It wasn't U.S. relations with an Arab country
on the tips of many tongues at this year's National Council on U.S.-Arab Relations
meeting in the last week of October. Rather, much of the focus was on the Arab
Middle East's ethnic Persian neighbor to the east: Iran.
The question and answer session of a panel on Iraq and Iran was a microcosm
of the chatter around Washington all year long about the ebbing and flowing
likelihood of a potential U.S. bombing run against alleged secret Iranian nuclear
No one on the panel a collection of a statesman, military brass, and experts
thought that an attack on Iran was imminent, or even would likely happen
in a longer view, but that did not stop the debate about the merits and drawbacks
of a U.S. strike. A prime issue that needs to be initially addressed in these
bombing scenarios is assessing the threat from the Islamic Republic, which
has had a tense relationship with the West since the revolution that established
it in 1979.
"There are two general problems with Iran: Iran in the region and Iran
with nuclear weapons," said Brent Scowcroft, a former lieutenant general.
in the U.S. Air Force and former national security adviser to two Republican
presidents, referring to Iran's growing power and aspirations in the region
and its alleged covert nuclear weapons program.
But Scowcroft said that under Pres. George W. Bush's policy inspired
largely by a neoconservative worldview of completely isolating countries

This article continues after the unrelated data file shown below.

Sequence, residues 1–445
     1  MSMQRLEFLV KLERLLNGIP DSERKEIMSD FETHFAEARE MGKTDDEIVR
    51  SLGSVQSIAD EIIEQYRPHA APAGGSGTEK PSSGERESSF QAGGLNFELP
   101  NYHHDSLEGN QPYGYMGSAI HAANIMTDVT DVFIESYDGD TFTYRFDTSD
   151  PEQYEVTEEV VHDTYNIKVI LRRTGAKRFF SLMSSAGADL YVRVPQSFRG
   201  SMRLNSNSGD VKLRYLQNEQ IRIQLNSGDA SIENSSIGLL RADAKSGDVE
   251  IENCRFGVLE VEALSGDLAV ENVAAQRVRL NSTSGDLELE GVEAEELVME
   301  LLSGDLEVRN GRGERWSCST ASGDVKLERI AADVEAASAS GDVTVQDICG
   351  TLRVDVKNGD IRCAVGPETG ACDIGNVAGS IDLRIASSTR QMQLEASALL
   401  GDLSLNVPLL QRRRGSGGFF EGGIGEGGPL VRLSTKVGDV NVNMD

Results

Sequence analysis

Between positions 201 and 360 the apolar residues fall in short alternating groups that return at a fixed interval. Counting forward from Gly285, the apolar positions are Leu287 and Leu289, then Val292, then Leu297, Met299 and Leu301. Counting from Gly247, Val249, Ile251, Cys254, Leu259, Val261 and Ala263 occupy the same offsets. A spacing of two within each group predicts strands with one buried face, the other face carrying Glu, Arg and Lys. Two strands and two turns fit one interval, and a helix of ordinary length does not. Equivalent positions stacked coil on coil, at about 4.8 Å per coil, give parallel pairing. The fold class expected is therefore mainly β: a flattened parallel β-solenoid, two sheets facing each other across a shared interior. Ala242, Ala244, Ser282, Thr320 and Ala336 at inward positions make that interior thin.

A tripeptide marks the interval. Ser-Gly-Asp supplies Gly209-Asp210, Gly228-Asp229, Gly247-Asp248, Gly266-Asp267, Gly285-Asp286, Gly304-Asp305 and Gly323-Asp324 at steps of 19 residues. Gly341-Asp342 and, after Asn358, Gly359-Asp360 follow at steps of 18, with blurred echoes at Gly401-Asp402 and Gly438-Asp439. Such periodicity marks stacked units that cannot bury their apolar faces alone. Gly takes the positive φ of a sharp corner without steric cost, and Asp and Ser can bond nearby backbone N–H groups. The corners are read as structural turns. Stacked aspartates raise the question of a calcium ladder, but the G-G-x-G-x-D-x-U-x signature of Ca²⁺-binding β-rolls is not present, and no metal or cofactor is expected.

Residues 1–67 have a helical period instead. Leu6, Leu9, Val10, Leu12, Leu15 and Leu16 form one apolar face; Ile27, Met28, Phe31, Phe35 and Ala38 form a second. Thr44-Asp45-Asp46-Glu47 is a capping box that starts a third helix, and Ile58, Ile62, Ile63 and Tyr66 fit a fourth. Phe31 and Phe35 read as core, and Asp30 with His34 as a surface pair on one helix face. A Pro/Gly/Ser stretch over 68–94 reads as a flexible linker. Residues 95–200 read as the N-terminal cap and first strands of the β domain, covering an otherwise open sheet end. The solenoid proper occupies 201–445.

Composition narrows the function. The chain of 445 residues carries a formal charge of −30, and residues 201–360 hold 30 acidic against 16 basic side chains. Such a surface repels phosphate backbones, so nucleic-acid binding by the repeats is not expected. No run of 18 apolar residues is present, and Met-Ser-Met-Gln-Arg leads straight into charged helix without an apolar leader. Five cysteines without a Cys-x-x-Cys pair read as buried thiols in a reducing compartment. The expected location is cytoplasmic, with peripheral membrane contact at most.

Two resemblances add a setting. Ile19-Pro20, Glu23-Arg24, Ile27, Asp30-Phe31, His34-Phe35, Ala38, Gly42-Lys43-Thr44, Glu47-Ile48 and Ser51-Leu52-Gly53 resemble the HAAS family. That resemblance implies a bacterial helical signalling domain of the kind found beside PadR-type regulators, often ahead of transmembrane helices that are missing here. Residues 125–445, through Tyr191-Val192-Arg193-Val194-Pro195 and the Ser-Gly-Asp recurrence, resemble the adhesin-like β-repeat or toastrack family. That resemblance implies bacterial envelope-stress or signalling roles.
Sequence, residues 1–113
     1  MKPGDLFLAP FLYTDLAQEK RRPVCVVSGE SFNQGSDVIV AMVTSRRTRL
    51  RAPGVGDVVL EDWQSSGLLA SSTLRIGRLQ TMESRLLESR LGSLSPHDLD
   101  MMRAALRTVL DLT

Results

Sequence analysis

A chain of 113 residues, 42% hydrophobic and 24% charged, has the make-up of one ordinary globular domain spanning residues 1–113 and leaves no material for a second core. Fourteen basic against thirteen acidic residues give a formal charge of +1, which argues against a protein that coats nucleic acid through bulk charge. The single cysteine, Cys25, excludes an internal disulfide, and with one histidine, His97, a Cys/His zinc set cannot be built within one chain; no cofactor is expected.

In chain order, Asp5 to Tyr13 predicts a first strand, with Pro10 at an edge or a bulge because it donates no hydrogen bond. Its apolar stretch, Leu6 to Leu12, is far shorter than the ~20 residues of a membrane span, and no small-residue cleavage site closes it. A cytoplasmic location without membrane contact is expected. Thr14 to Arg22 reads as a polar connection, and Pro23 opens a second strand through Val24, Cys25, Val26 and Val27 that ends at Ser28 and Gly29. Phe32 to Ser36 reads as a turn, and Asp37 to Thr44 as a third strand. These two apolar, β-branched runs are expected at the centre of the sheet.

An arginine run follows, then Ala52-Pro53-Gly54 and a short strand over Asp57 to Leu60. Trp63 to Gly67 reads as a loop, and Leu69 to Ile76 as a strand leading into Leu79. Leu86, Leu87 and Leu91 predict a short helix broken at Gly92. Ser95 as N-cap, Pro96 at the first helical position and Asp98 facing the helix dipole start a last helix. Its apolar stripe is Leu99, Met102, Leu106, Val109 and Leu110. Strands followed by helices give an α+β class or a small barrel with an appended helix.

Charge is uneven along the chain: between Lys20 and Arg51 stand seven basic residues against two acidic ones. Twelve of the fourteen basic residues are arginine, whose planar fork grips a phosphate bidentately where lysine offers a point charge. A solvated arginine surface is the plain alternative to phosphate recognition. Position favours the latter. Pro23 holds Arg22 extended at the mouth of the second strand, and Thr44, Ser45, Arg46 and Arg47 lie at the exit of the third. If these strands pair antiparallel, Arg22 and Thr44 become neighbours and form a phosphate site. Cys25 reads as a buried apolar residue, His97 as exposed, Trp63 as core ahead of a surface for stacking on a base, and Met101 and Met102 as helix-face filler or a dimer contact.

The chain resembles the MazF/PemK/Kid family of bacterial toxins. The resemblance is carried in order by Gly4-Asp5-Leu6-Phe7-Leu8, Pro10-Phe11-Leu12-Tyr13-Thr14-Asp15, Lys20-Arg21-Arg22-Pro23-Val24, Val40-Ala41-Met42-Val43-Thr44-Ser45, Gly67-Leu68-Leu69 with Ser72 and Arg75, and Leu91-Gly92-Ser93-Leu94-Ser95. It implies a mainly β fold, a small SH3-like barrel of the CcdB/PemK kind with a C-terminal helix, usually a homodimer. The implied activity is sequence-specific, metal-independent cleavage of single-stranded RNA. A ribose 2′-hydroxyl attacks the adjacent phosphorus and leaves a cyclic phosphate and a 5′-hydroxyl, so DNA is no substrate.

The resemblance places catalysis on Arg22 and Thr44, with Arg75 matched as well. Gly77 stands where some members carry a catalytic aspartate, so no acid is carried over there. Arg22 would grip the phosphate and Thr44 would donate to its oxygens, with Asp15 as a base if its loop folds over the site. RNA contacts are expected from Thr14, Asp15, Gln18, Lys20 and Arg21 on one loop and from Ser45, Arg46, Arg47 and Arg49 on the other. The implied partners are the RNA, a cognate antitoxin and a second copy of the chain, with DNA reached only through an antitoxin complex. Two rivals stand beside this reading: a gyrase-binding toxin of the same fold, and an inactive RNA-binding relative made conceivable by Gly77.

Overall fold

perceived as "evil," one cannot assess the aims of the Iranian regime
in terms of nuclear capabilities or toward neighboring nations like Afghanistan
and Iraq where the U.S. has committed interests.
The U.S. has several times walked away from Iran at the negotiating table
and in 2003 reportedly at the behest of hawkish Vice President Dick
Cheney rejected an Iranian overture that could have been the first step
to a "grand bargain" comprehensive rapprochement plan.
"What [the U.S.] can do and can't do with Iran is
a mystery because we have not been prepared to explore with them what the possibilities
are," said Scowcroft.
The lack of diplomacy since the Bush administration began pursuing its aggressive
post-9/11 strategies to remake the Middle East is predicated at least partially
on the neoconservative worldview that talking to enemies gives them credibility
and, therefore, puts them in a position of strength. That view often stipulates
that pre-talk conditions need to be met before a serious effort at engagement
can be made.
Scowcroft was quick to demur from that tack. "Making discussions subject
to preconditions before you sit down and talk to them is not a recipe for understanding
or for finding out what goes on. That is one of the purposes of talking,"
he said. "[T]alking in itself is not necessarily a concession."
But with strained relations, some view a strike or at least the threat
of one as a potential way for the U.S. to bring the Iranians to the table
and to gain leverage over them.
"The idea is to use the threat of force or some force to compel Iran
to allow this whole inspections, tagging, and shutdown of the program,"
said Kenneth Katzman of the Congressional Research Service, a government-sponsored
group that provides analysis to Congress. "One need not necessarily know